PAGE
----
Challenges and perspectives on tackling illegal or unsustainable wildlife trade

IUWT requires a nuanced response, there is no “one-size-fits-all” strategy. Tools for curbing IUWT are already available. There are gaps to be filled especially regarding regulation, enforcement, knowledge and engagement.Tackling IUWT requires integrated solutions with multidisciplinary approach.

By Caroline S. Fukushima et al. (including Oliver C. Stringham) in Research

October 13, 2021


Illegal or unsustainable wildlife trade (IUWT) currently presents one of the most high-profile conservation challenges. There is no “one-size-fits-all” strategy, and a variety of disciplines and actors are needed for any counteractive approach to work effectively. Here, we detail common challenges faced when tackling IUWT, and we describe some available tools and technologies to curb and track IUWT (e.g. bans, quotas, protected areas, certification, captive-breeding and propagation, education and awareness). We discuss gaps to be filled in regulation, enforcement, engagement and knowledge about wildlife trade, and propose practical solutions to regulate and curb IUWT, paving the road for immediate action.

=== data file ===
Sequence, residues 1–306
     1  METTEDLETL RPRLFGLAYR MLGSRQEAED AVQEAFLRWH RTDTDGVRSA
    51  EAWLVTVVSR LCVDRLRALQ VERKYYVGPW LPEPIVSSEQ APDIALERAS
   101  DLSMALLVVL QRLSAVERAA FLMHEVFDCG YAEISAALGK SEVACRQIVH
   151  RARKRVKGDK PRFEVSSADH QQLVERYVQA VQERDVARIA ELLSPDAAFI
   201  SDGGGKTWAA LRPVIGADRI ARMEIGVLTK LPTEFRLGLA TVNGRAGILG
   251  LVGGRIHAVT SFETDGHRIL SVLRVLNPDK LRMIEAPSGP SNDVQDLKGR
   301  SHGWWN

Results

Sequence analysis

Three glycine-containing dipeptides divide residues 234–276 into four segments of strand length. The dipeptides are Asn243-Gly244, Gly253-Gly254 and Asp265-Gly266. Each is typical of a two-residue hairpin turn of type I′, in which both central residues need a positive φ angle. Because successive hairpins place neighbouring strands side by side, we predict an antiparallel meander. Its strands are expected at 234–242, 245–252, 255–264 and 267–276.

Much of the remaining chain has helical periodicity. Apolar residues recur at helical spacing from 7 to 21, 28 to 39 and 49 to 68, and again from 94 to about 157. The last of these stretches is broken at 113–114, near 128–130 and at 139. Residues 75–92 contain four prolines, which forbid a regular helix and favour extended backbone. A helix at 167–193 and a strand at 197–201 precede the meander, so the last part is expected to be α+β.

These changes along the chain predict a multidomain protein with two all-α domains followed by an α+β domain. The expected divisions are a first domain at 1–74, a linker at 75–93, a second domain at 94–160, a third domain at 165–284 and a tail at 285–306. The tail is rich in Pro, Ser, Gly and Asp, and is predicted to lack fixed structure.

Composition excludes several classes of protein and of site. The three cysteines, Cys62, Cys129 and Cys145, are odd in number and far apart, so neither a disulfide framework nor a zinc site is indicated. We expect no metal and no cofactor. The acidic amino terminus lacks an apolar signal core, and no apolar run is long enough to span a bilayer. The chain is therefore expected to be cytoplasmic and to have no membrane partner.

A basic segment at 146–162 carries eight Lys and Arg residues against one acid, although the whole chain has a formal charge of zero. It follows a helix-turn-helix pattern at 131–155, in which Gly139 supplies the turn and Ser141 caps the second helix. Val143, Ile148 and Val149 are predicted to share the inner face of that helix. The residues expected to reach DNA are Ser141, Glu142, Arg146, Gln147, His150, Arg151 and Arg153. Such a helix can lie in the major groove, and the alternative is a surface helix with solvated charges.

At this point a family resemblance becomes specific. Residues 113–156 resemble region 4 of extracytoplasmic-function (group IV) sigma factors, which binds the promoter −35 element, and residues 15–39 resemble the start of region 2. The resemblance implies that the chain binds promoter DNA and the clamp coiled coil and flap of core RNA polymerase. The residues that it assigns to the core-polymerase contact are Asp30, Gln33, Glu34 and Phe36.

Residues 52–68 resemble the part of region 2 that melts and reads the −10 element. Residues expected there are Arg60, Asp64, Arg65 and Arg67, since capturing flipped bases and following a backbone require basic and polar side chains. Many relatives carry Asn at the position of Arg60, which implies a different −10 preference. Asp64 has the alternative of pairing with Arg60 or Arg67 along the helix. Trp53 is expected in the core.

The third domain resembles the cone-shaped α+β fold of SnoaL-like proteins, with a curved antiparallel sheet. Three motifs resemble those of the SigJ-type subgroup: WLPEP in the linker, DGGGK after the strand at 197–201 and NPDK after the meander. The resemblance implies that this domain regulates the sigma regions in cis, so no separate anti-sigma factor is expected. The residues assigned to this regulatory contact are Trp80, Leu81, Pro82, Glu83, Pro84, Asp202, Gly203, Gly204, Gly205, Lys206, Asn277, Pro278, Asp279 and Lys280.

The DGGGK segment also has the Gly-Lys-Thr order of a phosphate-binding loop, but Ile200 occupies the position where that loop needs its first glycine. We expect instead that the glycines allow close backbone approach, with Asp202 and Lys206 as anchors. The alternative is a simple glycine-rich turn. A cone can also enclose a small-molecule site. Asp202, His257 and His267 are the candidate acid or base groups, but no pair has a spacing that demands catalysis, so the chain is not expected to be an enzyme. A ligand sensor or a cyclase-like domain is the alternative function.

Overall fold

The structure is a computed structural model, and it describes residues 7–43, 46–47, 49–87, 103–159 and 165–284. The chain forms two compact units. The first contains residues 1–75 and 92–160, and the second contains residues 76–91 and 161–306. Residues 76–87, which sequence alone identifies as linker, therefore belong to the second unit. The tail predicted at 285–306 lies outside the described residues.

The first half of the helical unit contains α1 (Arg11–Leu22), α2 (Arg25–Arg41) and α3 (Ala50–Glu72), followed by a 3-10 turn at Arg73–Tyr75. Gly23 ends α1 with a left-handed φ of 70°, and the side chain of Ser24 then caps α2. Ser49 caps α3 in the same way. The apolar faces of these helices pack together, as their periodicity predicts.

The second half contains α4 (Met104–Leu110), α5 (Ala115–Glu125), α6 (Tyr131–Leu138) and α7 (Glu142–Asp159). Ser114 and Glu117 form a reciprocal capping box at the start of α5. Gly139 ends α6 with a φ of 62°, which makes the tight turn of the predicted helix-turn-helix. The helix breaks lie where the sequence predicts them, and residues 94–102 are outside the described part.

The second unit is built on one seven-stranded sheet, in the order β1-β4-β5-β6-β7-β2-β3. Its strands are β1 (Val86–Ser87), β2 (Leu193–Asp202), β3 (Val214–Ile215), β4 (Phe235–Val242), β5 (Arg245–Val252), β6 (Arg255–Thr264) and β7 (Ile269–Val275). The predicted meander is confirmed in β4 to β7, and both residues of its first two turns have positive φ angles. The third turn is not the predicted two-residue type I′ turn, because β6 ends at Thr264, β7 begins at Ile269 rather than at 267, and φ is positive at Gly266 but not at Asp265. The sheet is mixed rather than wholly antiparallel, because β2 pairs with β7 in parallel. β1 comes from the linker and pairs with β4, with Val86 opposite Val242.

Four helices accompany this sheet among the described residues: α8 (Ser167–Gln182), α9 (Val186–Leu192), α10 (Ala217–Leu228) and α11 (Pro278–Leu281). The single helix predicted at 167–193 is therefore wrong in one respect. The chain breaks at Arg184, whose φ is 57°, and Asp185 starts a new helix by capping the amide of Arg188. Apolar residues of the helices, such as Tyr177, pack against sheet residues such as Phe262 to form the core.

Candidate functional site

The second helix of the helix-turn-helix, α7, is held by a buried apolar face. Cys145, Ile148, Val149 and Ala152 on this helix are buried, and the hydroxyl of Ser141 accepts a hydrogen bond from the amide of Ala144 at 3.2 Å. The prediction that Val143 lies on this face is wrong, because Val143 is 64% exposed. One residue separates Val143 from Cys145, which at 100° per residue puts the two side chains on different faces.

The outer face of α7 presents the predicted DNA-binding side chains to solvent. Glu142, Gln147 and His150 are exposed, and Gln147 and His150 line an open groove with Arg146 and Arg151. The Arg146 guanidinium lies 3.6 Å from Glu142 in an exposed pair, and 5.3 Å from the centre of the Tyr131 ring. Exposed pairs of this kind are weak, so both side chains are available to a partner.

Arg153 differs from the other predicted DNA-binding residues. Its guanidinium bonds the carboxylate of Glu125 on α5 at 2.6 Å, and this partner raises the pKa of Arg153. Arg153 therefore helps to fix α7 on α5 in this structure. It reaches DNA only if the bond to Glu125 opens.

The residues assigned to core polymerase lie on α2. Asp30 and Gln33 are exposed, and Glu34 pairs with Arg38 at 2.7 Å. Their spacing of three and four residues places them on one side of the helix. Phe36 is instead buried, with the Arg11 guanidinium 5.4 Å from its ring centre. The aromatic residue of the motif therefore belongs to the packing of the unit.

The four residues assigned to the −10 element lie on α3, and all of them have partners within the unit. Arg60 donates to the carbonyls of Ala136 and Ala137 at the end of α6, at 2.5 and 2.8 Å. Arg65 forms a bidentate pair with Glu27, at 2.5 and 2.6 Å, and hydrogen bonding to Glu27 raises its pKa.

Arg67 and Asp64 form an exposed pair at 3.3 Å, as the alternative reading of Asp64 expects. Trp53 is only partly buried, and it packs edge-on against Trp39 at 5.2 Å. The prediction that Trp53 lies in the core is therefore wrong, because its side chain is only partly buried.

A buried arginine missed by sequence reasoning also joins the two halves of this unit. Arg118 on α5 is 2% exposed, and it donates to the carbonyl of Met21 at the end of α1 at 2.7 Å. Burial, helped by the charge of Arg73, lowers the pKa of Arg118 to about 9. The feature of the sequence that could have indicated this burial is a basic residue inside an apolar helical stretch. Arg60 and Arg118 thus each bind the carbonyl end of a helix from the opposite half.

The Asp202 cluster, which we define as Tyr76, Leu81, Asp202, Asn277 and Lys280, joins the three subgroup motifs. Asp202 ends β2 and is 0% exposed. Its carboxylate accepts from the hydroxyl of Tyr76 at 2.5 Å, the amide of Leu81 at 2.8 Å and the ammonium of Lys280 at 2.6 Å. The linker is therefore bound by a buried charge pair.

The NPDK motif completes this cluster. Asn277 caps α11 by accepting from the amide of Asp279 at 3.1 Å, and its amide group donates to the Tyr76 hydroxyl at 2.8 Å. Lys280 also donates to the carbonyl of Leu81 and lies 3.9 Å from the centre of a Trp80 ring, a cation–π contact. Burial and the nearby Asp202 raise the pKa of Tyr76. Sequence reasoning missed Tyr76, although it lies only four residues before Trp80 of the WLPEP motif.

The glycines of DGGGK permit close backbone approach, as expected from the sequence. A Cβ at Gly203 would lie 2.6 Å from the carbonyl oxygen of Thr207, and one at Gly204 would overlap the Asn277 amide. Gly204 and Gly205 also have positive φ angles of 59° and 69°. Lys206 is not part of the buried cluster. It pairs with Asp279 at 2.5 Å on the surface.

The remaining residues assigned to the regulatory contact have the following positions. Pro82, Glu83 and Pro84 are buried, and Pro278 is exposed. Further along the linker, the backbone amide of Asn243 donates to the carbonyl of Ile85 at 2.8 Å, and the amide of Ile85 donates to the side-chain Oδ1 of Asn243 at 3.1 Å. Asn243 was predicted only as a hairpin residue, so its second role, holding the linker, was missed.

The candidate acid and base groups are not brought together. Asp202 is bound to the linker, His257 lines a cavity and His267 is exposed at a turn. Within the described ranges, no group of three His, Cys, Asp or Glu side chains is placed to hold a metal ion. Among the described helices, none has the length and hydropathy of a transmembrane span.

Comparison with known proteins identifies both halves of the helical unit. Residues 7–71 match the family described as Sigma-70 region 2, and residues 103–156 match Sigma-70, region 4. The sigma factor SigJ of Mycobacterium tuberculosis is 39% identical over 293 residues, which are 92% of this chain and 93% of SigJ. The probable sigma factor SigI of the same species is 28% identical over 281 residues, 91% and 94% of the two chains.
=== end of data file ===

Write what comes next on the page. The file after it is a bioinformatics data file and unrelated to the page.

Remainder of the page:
Posted on:
October 13, 2021
1 minute read, 101 words
wildlife trade legal wildlife trade unsustainable
See Also:
Drivers of the Australian native pet trade: The role of species traits, socioeconomic attributes and regulatory systems
Response to the Department of Agriculture, Water and the Environment's 'Proposed amendments to the Appendices of CITES for Australian Native Reptiles'
Scientists' warning to humanity on illegal or unsustainable wildlife trade